6. Redefine stewardship to include technology.

One of the most important aspects of hyperlinked living is to enlarge our definition of stewardship—from time, treasure and talent to also include technology.

Speaking to pastors: The idea of stewarding the hyperlinked world means providing God’s people with a broader set of ideas about stewardship. How can you help people make sense of the information barrage? What does a theology of information look like for the people in your church? How can you articulate the needed shift from using people and loving our devices to loving people and using our devices?

7. Be more discerning about whom and what to trust.

Finally, if we are living in an era of information overload, we need better filters for deciding what sources we can trust and “facts” we can believe. One of the challenges Christians face is finding credible information about our world that comes from a rich theological point of view. Naturally, this is where the role of the Bible comes in; hyperlinked Christians need to be people of the Book.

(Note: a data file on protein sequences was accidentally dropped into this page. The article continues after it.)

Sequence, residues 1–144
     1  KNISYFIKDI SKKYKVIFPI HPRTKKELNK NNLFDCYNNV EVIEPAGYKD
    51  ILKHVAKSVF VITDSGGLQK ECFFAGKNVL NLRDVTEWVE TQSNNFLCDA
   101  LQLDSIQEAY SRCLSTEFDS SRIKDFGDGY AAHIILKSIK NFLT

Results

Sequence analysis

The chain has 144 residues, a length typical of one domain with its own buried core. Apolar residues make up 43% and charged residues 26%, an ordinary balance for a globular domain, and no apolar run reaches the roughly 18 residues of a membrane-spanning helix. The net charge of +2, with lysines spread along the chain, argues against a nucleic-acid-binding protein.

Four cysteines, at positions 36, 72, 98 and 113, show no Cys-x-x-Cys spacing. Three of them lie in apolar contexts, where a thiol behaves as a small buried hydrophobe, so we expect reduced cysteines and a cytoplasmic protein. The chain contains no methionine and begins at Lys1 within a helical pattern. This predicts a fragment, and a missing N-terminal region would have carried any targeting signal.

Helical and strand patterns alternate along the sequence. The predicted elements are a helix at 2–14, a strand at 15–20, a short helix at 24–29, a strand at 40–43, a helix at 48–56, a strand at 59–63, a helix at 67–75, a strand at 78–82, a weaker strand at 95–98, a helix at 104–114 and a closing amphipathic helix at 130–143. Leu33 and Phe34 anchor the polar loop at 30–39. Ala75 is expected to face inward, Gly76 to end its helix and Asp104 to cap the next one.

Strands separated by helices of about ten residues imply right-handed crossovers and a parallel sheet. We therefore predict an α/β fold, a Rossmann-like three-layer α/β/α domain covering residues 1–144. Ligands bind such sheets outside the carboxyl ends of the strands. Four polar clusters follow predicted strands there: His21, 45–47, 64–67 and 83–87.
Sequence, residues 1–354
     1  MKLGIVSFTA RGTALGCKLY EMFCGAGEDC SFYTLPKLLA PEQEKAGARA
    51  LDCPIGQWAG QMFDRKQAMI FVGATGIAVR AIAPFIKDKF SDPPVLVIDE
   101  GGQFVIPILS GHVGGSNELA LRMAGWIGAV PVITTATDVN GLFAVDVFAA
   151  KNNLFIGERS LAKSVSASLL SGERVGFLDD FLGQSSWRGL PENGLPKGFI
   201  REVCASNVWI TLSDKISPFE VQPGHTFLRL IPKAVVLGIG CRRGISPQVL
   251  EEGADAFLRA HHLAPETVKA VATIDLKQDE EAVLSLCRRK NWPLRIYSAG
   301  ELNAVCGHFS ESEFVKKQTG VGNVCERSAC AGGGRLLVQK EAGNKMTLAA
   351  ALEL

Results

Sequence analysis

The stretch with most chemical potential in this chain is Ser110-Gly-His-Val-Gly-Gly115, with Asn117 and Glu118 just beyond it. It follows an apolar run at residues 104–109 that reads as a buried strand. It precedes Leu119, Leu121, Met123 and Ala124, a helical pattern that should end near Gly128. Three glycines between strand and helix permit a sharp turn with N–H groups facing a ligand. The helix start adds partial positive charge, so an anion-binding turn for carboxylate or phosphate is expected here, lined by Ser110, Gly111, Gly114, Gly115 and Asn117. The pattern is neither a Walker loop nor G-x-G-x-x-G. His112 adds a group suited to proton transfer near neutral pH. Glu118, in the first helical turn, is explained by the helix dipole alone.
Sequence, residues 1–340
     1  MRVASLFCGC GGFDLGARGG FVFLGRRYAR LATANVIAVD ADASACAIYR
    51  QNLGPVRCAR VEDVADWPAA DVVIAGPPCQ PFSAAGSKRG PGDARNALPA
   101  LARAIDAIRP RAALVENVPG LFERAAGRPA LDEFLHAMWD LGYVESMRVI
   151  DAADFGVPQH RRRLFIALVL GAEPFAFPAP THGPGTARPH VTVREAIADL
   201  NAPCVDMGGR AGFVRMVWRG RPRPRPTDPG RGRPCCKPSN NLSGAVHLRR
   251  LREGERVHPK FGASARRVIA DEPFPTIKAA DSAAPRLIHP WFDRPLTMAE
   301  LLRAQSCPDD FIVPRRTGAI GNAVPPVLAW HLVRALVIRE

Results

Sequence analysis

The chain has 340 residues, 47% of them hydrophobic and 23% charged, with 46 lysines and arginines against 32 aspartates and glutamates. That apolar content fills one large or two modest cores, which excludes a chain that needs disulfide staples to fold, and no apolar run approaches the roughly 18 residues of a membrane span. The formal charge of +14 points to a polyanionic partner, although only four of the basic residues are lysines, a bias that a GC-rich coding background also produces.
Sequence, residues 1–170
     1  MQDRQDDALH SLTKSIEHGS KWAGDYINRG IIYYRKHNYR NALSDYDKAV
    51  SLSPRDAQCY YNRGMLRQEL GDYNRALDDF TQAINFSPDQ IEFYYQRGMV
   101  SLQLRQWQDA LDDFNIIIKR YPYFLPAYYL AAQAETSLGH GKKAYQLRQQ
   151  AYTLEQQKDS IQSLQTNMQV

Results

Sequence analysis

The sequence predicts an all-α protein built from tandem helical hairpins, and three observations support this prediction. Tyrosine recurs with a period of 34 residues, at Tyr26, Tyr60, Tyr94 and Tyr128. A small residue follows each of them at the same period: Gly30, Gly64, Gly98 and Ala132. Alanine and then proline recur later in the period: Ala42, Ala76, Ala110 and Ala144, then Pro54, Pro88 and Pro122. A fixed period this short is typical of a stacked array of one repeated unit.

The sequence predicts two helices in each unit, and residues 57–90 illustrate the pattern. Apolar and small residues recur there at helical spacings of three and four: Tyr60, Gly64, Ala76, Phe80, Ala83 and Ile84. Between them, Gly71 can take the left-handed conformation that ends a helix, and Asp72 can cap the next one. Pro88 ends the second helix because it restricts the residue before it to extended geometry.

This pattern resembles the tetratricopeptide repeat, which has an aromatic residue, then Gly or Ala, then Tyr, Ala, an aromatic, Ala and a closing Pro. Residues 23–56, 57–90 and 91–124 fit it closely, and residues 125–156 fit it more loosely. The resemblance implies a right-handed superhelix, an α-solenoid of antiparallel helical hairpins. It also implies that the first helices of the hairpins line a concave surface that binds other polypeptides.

How can we discern between good and bad information? Some questions to ask about any information include: Who or what organization is producing this information? What might be their reason for doing so? Do I believe or distrust this information simply because it confirms my preexisting viewpoint on the subject? Or am I willing to be open-minded and even swayed, within the boundaries of biblical truth?

Adapted from The Hyperlinked Life by Jun Young and David Kinnaman. Copyright 2013 by Barna Group. Used by permission of Zondervan, For more information and to purchase The Hyperlinked Life, go here.

is the president of Barna Group, a research company located in Ventura, Calif., that focuses on faith and culture. He also is the author of three books: Good Faith, You Lost Me and unChristian.